Promising Young Woman Review: Come For The Phenomenal Carey Mulligan Performance, Stay For The Stunning Directorial Debut

Let’s get one thing clear straight from the start: Emerald Fennell’s Promising Young Woman is not the film that you think it is. Yes, it’s a revenge story, but not in any existing conventional sense. Yes, it’s a thriller, but with twists that you can’t expect. Yes, it’s a dark comedy, but you don’t know how far it will go for a sinister punchline. I can say with perfect confidence that Promising Young Woman is not the film you think it is because no previous films like it exist, and as it proceeds to blow your mind and drop your jaw as it unfolds, you’ll realize that you are watching something special and game changing from talent that deserves unlimited recognition for what they’ve accomplished.

There is a certain security provided in a movie that trades in homage and tradition, but this is a movie that spikes the rules and keeps its hooks in you by dealing in the unexpected. With a candy-like aesthetic and a penchant for irregular swings between sour and sweet, it’s a rare nail-biter that has a keen ability to slice in a devilishly clever line that inspires a big laugh – and in its third act unfurls a world-rocking ending that will leave you feeling gut punched and dizzy.

When we first meet Cassandra “Cassie” Thomas (Carey Mulligan), she is at a bar and nearly ready to pass out. Or is she? In actuality, what she is doing is baiting a trap that she sets nearly every night: luring douchebags into what seems like a ready-made date rape situation and waiting for the right opportunity to provide said douchebags with what we’ll call a moment of clarity.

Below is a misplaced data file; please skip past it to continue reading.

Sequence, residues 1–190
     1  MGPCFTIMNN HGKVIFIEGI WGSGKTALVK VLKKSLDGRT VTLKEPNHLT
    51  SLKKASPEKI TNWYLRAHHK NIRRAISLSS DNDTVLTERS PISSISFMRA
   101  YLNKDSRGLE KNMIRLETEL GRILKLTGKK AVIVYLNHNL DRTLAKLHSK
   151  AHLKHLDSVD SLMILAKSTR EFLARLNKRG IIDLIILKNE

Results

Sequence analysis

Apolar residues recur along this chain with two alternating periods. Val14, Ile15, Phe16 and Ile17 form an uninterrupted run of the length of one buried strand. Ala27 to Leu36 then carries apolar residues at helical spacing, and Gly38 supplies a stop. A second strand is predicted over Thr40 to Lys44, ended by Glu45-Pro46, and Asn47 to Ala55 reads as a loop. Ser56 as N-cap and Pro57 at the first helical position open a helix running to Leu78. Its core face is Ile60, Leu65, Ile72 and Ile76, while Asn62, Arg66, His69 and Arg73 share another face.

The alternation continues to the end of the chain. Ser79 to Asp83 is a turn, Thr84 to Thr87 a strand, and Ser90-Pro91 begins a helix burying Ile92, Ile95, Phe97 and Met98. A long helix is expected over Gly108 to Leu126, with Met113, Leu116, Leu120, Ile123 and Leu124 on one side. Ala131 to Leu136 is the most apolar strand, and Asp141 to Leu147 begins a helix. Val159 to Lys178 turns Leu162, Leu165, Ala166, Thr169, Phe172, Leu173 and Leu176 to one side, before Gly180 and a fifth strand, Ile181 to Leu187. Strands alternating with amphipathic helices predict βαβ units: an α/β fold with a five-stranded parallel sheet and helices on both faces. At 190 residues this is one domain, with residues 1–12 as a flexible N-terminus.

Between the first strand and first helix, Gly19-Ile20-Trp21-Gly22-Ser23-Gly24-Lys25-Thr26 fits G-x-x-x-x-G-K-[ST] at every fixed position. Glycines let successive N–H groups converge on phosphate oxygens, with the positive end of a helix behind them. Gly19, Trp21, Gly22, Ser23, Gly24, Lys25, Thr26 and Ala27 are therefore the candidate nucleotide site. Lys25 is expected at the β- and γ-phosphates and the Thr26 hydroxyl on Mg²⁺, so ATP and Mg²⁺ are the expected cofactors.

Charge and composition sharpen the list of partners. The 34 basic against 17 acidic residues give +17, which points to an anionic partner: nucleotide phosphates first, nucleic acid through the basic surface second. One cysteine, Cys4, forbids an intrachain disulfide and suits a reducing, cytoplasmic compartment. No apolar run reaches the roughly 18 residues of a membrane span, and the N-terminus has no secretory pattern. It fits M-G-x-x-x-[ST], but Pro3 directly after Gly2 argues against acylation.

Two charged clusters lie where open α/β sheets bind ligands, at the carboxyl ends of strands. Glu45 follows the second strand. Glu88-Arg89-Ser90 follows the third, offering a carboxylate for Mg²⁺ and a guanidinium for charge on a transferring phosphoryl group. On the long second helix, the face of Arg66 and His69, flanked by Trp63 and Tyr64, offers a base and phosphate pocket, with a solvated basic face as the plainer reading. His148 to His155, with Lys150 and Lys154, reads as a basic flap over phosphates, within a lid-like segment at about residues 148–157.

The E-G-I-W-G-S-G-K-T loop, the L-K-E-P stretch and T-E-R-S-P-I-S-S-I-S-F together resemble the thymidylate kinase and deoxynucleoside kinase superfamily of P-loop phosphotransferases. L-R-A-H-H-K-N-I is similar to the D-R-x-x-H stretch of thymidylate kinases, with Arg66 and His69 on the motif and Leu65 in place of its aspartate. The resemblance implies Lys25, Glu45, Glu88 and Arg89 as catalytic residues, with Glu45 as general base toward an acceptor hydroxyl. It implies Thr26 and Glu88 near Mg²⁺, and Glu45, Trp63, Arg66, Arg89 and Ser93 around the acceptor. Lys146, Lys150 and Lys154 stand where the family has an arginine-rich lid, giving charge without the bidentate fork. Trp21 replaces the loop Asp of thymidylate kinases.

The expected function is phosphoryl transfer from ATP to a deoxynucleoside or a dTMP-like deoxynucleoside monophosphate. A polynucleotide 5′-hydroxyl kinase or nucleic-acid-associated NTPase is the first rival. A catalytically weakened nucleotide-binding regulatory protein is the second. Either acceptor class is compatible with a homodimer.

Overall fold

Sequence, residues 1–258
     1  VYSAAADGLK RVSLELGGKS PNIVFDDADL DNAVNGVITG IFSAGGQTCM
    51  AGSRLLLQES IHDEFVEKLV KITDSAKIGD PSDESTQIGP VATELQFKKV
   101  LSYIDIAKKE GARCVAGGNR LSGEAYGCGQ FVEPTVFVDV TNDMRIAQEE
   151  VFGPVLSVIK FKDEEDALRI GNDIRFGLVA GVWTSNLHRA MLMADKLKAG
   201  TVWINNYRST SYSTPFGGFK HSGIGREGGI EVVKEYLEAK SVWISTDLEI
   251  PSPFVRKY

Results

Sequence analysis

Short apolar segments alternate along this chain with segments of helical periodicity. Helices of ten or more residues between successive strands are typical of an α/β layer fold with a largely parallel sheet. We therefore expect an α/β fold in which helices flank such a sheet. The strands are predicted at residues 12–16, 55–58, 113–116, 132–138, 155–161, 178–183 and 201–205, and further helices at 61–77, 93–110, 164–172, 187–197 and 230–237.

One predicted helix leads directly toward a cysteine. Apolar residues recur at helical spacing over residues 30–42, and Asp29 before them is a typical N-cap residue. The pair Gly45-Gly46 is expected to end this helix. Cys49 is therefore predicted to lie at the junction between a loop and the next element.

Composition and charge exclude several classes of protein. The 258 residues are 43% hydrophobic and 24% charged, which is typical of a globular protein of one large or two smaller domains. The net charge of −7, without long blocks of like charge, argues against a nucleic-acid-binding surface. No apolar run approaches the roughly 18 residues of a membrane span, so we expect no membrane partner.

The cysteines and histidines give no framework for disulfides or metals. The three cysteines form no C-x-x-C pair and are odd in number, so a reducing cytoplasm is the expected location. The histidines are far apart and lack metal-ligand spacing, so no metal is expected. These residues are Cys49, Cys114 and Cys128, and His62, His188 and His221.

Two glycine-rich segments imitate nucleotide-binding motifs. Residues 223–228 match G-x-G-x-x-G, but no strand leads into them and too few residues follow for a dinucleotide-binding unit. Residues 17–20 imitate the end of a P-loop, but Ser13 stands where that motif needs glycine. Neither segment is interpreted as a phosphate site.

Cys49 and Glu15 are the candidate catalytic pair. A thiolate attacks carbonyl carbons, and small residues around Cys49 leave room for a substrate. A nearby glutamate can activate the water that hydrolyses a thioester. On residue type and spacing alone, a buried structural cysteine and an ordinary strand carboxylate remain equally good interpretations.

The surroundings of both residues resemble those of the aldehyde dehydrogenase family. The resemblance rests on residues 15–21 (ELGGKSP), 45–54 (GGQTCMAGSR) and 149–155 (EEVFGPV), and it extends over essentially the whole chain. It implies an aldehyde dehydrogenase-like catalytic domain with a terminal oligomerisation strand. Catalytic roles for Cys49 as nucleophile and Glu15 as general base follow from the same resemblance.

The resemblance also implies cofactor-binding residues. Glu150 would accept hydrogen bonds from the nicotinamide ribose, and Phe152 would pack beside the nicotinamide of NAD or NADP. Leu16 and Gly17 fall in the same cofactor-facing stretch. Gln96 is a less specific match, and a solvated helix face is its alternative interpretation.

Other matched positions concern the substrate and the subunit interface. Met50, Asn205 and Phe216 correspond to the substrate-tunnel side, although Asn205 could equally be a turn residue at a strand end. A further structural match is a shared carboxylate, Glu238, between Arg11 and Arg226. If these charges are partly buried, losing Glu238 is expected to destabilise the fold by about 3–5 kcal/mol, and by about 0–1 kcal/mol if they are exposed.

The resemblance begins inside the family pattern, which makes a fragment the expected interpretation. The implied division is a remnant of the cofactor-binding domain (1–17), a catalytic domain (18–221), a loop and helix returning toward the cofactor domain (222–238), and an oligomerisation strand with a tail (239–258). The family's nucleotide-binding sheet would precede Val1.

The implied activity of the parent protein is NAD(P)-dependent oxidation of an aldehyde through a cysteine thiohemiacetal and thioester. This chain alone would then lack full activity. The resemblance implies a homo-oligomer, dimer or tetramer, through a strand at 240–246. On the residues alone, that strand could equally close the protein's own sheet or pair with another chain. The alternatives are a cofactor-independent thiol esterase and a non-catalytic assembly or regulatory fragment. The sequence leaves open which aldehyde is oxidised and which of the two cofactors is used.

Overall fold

Cassie has the time to do this because her life is in a disaffected stall. After dropping out of medical school, she lives with her parents (Jennifer Coolidge, Clancy Brown), and works at a local coffee shop for a boss (Laverne Cox) who knows she can be doing better things. But instead she's persistently consumed by the events that led to her to abandoning her promising career path as a doctor. Unable to let go of horrific memories of what happened to her best friend, she pulls the trigger on an expansive revenge plot aimed at all of those she felt were responsible for what happened. What she doesn’t see coming, however, is the sudden appearance of a former classmate named Ryan (Bo Burnham) who manages to completely disarm her, and make her question her plan and her future.

Promising Young Woman’s impressive narrative will keep you guessing right up until the end.

There are moments in Promising Young Woman when you think you know where it’s going – you think you’ve picked up on a subtle detail, a certain line of dialogue stands out in your ear, or you start to recognize a pattern – but what makes the film so special is its ability to perpetually surprise. It isn’t without certain tropes, but more often than not they’re tools used to manipulate expectation and execute cinematic sleight of hand. Every stage of Cassie’s plan implements a base layer of deception that is aimed square at her targets, but Emerald Fennell’s script also stacks multiple layers beneath that tricksy crust that the audience isn’t aware of until the endgame is slapping you across the face while wearing a toothy smile. It’s nimble, surgical, and stunning.